30 CSOs demand Tinubu’s blueprint against corruption
• Want investigation of persons named in Pandora, Panama Papers, others
A coalition of over 30 Civil Society Organisations (CSOs), yesterday, urged President Bola Tinubu to unveil his plans towards strengthening fight against corruption and blocking avenues through which corrupt practices are perpetrated.
Speaking on behalf of the CSOs, Auwal Rafsanjani, Executive Director, Civil Society Legislative Advocacy Centre (CISLAC), said the Muhammadu Buhari administration left so many interludes through legal frameworks, which resulted in ineffectiveness and failure of anti-corruption institutions and initiatives.
“The newly sworn-in President Bola Tinubu does not seem to have the issue of anti-corruption as priority on his agenda, despite the fact that corruption has eaten deeper into every sector of our society and is crippling the country like an epidemic.
“From his campaigns to his manifesto, the President has not shown to Nigerians his anti-corruption agenda and clear plans on how his administration intends to fight corruption, which is quite worrisome,” he said.
Rafsanjani urged the Tinubu-led administration to make the fight against corruption a serious one, saying the confrontation should be collective and should not be allowed to further ruin the country.
He also urged the new government not to consider any person with corruption cases for political appointment.
Speaking on consequences of corruption, the CISLAC boss stressed that over the years, Nigerians have continued to suffer inadequate access to basic social amenities and service delivery, such as health care, good roads, electricity, clean water and education, due to in-depth corruption that has ravaged the system.
He said: “Many Nigerian households cannot boast of three-square meals, getting employment into government institutions is no longer on merit but on “who you know” basis, individuals have to pay one form of bribe or the other to access basic services from public institutions.
“Despite paying taxes, majority of Nigerians barely enjoy any benefits from government. Just recently, the government removed subsidy from petrol without putting measures in place to cushion the effect, which is untold hardship on ordinary Nigerians. Prices of goods and services have increased, yet the minimum wage of civil servants has not been increased.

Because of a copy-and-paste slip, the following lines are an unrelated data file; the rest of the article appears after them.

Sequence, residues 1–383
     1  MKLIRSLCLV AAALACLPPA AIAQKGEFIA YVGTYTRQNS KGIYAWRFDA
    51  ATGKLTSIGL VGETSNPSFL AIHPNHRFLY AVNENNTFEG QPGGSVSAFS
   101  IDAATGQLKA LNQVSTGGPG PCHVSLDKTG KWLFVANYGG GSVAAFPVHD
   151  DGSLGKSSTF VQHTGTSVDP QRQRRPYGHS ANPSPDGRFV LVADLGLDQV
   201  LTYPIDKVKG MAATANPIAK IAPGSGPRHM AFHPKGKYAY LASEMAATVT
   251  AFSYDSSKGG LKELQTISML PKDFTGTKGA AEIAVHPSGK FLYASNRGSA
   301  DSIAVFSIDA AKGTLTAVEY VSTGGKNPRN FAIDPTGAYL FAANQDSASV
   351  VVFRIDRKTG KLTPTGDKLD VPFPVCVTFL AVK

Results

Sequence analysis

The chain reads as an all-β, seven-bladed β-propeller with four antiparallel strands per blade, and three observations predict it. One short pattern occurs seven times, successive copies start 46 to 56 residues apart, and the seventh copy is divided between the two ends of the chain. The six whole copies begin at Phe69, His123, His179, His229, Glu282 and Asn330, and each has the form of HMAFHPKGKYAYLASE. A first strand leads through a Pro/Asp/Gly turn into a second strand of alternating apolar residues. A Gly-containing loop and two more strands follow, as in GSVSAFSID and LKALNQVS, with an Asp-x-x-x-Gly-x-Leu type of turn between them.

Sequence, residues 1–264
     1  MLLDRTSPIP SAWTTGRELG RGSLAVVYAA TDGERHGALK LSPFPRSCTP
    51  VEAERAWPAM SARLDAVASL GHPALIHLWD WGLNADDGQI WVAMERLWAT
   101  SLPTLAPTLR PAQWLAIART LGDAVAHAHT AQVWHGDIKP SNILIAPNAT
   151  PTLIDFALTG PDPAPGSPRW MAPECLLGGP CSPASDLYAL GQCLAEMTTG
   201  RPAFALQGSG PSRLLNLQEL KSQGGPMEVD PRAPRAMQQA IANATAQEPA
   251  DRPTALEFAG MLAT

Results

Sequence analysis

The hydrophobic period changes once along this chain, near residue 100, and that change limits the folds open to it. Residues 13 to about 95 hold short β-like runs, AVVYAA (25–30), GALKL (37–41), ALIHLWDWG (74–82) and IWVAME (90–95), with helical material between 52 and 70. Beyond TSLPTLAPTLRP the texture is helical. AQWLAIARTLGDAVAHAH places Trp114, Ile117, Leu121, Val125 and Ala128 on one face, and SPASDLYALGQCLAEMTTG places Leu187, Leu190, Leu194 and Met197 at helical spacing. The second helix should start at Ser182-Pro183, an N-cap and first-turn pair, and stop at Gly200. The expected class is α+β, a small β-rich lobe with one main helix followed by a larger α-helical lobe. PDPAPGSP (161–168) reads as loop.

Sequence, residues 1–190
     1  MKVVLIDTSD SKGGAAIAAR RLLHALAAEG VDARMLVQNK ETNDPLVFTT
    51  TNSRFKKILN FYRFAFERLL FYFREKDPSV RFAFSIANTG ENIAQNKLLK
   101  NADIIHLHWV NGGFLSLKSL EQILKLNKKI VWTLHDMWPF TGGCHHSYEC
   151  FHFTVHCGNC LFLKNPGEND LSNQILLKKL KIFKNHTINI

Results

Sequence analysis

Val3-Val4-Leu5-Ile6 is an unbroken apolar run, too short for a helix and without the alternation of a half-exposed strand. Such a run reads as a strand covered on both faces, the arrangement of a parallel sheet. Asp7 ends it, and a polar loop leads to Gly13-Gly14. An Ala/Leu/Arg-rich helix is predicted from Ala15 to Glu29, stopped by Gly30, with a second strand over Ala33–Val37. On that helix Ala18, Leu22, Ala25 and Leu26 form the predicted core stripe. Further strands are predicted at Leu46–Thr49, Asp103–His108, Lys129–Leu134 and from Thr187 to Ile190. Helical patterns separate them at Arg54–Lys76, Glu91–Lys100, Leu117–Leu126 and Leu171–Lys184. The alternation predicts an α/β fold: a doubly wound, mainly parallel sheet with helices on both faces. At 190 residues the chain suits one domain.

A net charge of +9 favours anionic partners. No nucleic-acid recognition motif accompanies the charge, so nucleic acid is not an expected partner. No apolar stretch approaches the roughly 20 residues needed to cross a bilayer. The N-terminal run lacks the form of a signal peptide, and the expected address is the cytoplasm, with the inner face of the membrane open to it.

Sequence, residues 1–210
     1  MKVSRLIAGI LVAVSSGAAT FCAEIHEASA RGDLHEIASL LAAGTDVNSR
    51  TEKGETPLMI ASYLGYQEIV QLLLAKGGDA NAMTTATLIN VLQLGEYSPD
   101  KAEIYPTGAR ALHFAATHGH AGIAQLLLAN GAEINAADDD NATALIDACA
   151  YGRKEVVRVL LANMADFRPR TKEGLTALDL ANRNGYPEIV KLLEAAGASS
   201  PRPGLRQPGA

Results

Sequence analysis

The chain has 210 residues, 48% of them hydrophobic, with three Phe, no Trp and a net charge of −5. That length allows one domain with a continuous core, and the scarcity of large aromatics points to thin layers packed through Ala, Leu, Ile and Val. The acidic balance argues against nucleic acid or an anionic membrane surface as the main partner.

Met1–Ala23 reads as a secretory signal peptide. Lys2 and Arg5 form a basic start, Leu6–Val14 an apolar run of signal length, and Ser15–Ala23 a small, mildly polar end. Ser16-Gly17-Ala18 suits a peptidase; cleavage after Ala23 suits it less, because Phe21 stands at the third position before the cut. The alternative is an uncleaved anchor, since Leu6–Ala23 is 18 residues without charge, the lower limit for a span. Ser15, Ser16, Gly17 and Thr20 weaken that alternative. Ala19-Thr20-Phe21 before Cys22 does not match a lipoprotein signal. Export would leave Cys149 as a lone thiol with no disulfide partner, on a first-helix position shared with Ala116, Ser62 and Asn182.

“The system is riddled with various forms of corruption such as nepotism, misappropriation of funds, abuse of office, among others.”
The CSOs recommended immediate passage and assent to the whistleblowers bill, reformation of Federal Ministry of Justice, and citizens’ inclusion in the fight against corruption.
Other recommendations include: effective monitoring and implementation of the beneficial ownership register, in full compliance with the provisions of CAMA, for improved transparency and accountability in public procurement processes; improved funding for anti-graft agencies; full implementation of the national strategy on anti-corruption and the Freedom of Information Act, 2011, across all the states of the federation including the FCT and the effective implementation of provisions of the Proceeds of Crime (Recovery and Management) Act, 2022, Fiscal Responsibility Act, Money Laundering and Prohibition Act, 2022 and OGP NAP III.
In amending the enabling Acts of anti-corruption agencies, the CSOs suggested tenure security for heads of anti-graft agencies.
They also called for investigation of public officers and politically exposed persons (PEP) named in the Pandora Papers, Panama Papers, Paradise Papers, Genko scandal and FinCEN Files, while those found guilty should be made to face full wrath of the law as deterrent to others.
They urged the Tinubu-led government to take concrete steps to foster judicial independence by institutionalising financial autonomy for the sector, which currently depends on disbursements that are often delayed by the executive. They demanded that anti-corruption and security agencies demonstrate greater transparency, with regards to their budgets and expenditures, developing strategic capacity-building spending plans.
The CSOs added: “To this end, more respected technocrats, jurists and civil society figures should be appointed to serve on the boards of anti-corruption agencies and reduce the de facto control board members have over staffing and operational decisions.
“You (Tinubu) should provide a well-designed and operational system of asset declaration that can be an important element in the overall anti-corruption and integrity system, through ‘asset declaration available for public scrutiny’.”
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